Health and Human Services Agency

Margaret Williams

(530) 642-7164


September is National Suicide Prevention Awareness Month

(Placerville, CA) - September is National Suicide Prevention Awareness Month. "For anyone who has lost a friend or loved one to suicide, this month can be especially hard," said Jamie Samboceti, Deputy Director of the El Dorado County Behavioral Health Division. "We hope that by supporting one another and working together to raise awareness about suicide, we can ultimately save lives."

It's estimated that one in five people in the United States is now living with a mental health condition, and one in 25 has a serious mental illness. Many more people may go undiagnosed or have temporary bouts of depression. Half of all lifetime mental health conditions begin by age 14 and 75% by age 24, but studies show that early intervention programs can help.

In El Dorado County, nearly 350 people died from suicide between the years 2005 and 2015. Samboceti emphasizes the importance of everyone in the community being informed and involved in suicide prevention, including family members, friends, caregivers, community agencies and health care providers. "Everyone should be aware of this issue, know the risks and signs, and have tools to offer support," said Samboceti.

El Dorado County Behavioral Health supports the national Know the Signs campaign through – "Know the Signs, Find the Words, Reach Out." The most critical warning signs of suicide are:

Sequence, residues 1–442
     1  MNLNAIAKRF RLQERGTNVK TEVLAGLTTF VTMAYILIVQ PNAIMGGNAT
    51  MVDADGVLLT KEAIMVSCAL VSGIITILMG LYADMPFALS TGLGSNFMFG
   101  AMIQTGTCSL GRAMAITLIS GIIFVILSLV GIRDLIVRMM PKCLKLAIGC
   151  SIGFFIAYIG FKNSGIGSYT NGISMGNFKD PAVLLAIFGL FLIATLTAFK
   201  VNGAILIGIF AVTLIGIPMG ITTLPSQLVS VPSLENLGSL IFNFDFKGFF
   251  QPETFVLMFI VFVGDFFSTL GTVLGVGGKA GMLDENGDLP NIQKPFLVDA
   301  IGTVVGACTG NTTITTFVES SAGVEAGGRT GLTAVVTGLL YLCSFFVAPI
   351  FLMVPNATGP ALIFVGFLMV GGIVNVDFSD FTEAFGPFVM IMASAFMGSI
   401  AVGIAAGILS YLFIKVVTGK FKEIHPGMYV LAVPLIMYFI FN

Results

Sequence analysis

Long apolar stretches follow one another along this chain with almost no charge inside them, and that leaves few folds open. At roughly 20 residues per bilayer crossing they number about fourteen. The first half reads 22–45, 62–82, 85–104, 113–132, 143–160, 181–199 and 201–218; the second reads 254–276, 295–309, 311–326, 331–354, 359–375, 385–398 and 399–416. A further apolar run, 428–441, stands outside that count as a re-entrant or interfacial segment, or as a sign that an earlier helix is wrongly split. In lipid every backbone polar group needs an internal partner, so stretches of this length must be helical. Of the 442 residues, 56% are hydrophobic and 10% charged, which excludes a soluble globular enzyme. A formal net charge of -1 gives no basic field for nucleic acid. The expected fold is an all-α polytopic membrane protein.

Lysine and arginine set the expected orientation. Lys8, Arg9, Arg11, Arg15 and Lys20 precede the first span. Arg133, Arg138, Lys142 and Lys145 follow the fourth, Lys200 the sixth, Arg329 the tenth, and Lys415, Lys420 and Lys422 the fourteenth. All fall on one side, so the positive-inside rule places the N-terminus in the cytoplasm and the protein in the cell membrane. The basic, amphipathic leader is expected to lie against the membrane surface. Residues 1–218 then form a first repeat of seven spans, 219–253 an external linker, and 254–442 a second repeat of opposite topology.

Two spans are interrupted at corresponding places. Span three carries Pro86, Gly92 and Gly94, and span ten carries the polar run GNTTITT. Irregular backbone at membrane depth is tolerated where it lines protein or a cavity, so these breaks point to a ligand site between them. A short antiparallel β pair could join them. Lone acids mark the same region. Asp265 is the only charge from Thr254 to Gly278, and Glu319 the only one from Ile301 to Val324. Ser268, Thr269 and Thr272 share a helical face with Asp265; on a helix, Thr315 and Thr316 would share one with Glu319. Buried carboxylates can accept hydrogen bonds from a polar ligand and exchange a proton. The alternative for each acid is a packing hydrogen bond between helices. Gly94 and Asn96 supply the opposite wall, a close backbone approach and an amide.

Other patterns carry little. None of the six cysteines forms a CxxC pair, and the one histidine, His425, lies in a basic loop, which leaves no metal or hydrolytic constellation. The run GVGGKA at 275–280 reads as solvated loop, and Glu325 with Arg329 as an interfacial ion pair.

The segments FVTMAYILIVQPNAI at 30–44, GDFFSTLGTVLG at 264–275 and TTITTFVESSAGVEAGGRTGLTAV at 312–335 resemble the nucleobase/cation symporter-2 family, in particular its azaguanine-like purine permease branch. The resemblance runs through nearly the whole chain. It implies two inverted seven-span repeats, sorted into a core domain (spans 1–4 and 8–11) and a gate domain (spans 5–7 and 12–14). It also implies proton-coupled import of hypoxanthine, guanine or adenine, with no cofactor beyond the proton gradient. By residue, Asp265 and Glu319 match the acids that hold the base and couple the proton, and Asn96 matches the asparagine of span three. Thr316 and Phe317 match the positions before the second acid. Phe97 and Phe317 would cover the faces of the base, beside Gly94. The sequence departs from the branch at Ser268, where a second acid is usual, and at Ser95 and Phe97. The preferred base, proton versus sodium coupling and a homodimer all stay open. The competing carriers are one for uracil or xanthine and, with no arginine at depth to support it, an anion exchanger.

• Talking about wanting to die or about suicide
  • Feeling hopeless, desperate, trapped
  • Increased drug or alcohol use
  • Withdrawal, anxiety or agitation or changes in sleep
  • Putting affairs in order or giving away possessions
  • Talking about feeling hopeless or having no reason to live
  • No sense of purpose

"If you're concerned that someone is severely depressed or suicidal don't ignore those feelings," said Samboceti. "Talk to them. Ask direct questions. Listen. Call the National Suicide Prevention Lifeline at (800) 273-8255, the Friendship Line at (800) 971-0016 or the Crisis Text Line 741-741and talk or text with a trained counselor who can offer support and assistance." Another available resource is the Trevor Project LGBT Youth hotline at 1-866-488-7386.

"It's important to know that there is help and there is hope," added Samboceti. "For those struggling with mental health issues, speaking to someone, whether by going to a therapist or by attending a support group, can make a big difference."

The El Dorado County Behavioral Health Division offers free trainings on suicide prevention, and operates a 24-hour mental health crisis line at (530) 622-3345 in Placerville and at (530) 544-2219 in South Lake Tahoe for residents experiencing a mental health crisis. In an emergency, call 911.

For general information about El Dorado County Behavioral Health's services, call (530) 621-6290 in Placerville or (530) 573-7970 in South Lake Tahoe. More information can also be found online at


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